When the release of Pokémon Go turned into a full-blown phenomenon, marketers of all stripes scrambled to come up with ways to take advantage of the game’s raging popularity. (If you’re still on the hunt for a “Pokémon Go strategy,” Marketing‘s editor-in-chief has offered his advice on the topic.)
One of the most surprising and novel Pokémon-related initiatives to date has come via the Canadian brand Abell Pest Control. Rather than trying to tie the game to one of its marketing objectives, the company noticed how similar the app’s gameplay is to the life of a pest control technician and decided to use the app as a recruitment tool.
Last last month, Abell’s human resource manager, Sara Cromwell, and two of the company’s recruiters set out on a day-long journey across Toronto in search of Pokémon players who may be interested in a career in pest control.
Cromwell said she’s a fan of the game and instantly noticed similarities between it and pest control. In the game, players catch as many different virtual Pokémon as possible by traveling from location to location in the real world – not unlike how a pest control technician travels from customer to customer catching bugs.
In the game, players can also use “lures,” a tool that makes a real-world location attract more Pokémon. The Abell team purchased 100 lures and used them throughout the day at various locations in hopes they would attract players looking to take advantage of them.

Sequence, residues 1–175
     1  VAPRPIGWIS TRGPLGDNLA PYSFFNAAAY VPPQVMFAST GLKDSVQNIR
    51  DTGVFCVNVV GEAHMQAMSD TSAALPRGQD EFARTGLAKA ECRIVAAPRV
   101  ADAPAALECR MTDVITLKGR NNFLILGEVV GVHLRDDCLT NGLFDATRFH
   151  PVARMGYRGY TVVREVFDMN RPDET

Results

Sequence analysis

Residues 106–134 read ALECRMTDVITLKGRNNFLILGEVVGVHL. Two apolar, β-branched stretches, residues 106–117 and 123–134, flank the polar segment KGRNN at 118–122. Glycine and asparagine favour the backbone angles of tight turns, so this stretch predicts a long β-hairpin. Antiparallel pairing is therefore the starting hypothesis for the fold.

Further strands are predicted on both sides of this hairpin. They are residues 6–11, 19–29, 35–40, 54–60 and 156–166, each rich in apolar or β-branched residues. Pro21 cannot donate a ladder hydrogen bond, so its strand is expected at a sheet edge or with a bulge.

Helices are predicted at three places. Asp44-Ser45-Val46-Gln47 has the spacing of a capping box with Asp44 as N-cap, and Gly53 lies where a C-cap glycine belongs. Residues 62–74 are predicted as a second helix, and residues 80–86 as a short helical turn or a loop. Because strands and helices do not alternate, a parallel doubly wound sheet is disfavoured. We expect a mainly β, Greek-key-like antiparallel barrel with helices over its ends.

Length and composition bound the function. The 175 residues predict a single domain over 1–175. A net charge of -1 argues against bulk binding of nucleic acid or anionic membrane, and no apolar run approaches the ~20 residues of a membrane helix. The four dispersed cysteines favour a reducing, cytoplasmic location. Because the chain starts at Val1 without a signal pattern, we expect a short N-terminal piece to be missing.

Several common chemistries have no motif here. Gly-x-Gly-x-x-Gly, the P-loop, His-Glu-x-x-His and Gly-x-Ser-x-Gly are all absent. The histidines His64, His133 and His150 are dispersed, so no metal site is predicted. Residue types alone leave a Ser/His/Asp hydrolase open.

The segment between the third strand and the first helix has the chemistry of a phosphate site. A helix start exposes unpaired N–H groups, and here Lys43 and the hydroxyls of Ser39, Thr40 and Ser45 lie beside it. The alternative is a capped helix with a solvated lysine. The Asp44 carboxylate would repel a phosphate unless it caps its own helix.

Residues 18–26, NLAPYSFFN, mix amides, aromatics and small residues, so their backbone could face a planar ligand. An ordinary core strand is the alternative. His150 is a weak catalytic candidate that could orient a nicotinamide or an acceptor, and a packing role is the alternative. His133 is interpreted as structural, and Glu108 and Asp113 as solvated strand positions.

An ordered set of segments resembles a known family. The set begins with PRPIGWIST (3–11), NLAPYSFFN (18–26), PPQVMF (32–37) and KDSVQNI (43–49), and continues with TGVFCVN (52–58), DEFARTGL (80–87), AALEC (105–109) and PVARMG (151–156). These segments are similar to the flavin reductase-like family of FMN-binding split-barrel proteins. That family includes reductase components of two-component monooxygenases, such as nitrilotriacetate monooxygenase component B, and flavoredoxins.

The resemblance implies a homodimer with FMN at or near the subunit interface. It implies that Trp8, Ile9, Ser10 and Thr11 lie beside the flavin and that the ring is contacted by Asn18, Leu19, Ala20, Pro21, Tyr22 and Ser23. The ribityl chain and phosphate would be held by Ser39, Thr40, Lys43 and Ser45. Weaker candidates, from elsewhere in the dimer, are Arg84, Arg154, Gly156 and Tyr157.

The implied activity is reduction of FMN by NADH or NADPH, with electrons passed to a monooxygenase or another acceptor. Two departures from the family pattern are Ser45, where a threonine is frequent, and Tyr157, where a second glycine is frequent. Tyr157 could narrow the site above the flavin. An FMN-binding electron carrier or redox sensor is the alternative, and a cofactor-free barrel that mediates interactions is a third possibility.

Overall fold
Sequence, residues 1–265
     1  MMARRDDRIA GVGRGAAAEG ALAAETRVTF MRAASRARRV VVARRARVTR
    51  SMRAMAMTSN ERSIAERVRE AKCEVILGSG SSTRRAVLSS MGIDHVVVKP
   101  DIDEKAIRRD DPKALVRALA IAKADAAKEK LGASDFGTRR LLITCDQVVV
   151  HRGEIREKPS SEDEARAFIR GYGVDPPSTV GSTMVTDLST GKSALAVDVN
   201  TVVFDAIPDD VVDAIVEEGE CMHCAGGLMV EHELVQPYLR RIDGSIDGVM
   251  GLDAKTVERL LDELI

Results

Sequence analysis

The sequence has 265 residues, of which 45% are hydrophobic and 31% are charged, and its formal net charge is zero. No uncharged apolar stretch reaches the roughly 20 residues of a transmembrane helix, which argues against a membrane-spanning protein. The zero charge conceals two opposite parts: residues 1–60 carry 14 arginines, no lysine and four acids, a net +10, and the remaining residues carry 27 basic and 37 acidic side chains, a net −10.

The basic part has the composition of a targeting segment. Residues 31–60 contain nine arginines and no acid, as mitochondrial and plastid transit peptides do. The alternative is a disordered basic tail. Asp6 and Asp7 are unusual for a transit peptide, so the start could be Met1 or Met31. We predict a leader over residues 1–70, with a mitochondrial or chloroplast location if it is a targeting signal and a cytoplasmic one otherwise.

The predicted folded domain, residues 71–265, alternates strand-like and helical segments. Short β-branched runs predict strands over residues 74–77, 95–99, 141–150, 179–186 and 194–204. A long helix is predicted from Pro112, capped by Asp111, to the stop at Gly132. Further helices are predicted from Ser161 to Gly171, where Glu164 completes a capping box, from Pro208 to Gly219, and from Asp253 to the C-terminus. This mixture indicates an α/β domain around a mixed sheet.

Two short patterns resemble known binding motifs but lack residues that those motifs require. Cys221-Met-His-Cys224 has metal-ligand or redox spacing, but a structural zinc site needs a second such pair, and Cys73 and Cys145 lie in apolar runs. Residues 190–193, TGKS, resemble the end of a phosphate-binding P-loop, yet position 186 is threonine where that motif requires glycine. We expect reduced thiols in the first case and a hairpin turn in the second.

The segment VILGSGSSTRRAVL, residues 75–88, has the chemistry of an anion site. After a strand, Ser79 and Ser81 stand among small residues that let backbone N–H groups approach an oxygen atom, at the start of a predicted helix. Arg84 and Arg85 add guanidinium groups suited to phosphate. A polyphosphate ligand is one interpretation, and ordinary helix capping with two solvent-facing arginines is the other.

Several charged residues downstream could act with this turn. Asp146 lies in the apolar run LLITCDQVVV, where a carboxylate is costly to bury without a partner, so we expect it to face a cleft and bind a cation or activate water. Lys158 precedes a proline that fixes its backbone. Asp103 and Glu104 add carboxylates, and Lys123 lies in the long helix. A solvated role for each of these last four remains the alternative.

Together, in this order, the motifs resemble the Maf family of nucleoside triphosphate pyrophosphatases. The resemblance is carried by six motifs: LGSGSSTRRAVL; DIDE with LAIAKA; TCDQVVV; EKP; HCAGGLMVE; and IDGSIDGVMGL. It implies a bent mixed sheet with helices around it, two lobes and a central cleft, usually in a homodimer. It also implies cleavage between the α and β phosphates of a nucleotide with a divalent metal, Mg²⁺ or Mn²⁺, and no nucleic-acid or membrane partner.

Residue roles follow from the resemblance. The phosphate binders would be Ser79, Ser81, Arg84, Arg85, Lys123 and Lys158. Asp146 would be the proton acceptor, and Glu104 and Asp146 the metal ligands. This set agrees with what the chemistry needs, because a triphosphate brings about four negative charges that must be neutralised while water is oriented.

The company currently has 18 open positions and, Cromwell said, summer is typically a slow period for applicants, so she pitched the idea as a creative way to stir up interest. In the roughly 10 hours the team was out on July 27, they met with dozens of people and handed out a large stack of Pokémon-themed business cards. The ploy appears to have worked. According to Abell, the company has received double the number of applications over the past two weeks compared to the same period last year.
The company also got a PR boost by working with O’Brien Communications and received coverage about the initiative on CityNews. Beyond traditional PR, Abell seeded information about the recruitment effort on Pokémon Go message boards, Reddit and other social media sites to let fans – and potential job seekers – know about the initiative ahead of time. The team also gave out four gift cards for iTunes and the Google Play store to players it met along the way.
While being a pest control technician is a lucrative career, Cromwell admitted it’s not often top-of-mind for job seekers, which means she and her team have to get imaginative in order to attract talent. She added that she hoped her team’s day of Pokémon hunting positively reflected on the Abell brand and showed potential employees it’s a fun company to work for.
Her only regret? She let out all those lures and didn’t catch herself any Pokémon. “It was a lot of fun, but we unfortunately didn’t get to play because we were talking with people. We missed out on catching them for ourselves,” she laughed.